621. To the Ambassador in Germany.
With respect to cloth, it would be most advantageous for England to take it from our state directly. That which comes here from other parts scatters the profits of the duties among the princes and lands of Germany. If any one speaks about it you will say that you are writing about it to the magistrates. It is a matter for negotiation between private individuals with the assistance of the state. We shall take our measures in accordance with the solidity of the proposals and the appearance of advantage.
Ayes, 104.Noes, 0.Neutral, 3.
[Italian.]
March 8.
Senato, Secreta. Dispacci, Costantinopoli. Venetian Archives.
622. GIOVANNI CAPPELLO, Venetian Ambassador at Constantinople, to the DOGE and SENATE.
The English merchant has been arrested not far from this city and brought to the house of their ambassador. He promises satisfaction to all from his goods in England. At Leghorn he enjoys scant credit, and they claim that all the merchants shall be jointly responsible, as they all trade on behalf of the English company. They claim that the ambassador, as being rather the head of the merchants than the representative of his king, is bound to do this. He declares that he has no such power, and threatens, in case of violence, to depart with the merchants and their business. In this way the excitement has in part died away. The merchants claim a discharge in the Divan, as the Jews charge 20 per cent. interest contrary to the laws of the country. Whatever be the outcome it is certain that this incident will seriously affect the credit and business of these nations.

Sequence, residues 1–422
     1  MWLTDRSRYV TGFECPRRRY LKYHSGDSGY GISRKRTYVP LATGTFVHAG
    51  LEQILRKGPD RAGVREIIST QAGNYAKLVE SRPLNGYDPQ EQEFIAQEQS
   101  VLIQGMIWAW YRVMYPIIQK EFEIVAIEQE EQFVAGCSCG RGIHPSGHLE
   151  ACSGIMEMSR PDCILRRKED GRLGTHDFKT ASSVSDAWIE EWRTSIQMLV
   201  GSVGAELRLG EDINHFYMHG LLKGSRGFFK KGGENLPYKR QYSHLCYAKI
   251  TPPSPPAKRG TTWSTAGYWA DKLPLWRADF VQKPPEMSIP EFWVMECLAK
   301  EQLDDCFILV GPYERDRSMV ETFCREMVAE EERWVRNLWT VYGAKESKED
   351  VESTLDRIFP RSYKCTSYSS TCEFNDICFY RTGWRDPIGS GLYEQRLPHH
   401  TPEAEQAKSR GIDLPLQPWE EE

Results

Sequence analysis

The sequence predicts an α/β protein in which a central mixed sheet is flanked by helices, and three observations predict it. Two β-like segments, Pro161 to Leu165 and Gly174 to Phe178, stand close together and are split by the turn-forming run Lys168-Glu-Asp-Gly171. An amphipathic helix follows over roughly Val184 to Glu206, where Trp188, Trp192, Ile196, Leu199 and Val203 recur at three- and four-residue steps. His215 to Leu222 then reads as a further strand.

The Vigne of Pera, the 8th March, 1631.
[Italian; the part in italics deciphered.]
March 10.
Senato, Secreta. Dispacci, Signori Stati Venetian Archives.
623. VICENZO GUSSONI, Venetian Ambassador in the Netherlands, to the DOGE and SENATE.
Their consultations of late have turned upon maritime affairs and the question of taking the field. The latter depends largely upon help from the French, while the former is concerned with the English. Since the peace between England and Spain difficulties for this nation multiply daily. The favour of England does not seem so marked to them as heretofore, while the Spaniards have the use of those ports and can sequestrate in that realm the plunder taken from their ships by the Dutch. Besides this the States have heard from Joachim that the Infanta has permission to levy a regiment of English. The climax is a report not yet confirmed that the Spaniards are tempting the English by specious offers to issue to them letters of marque against the States. They have written to their minister in England to offer the most strenuous opposition to any such proposal, whether direct or indirect, even if it only has the tacit consent of the King of Great Britain.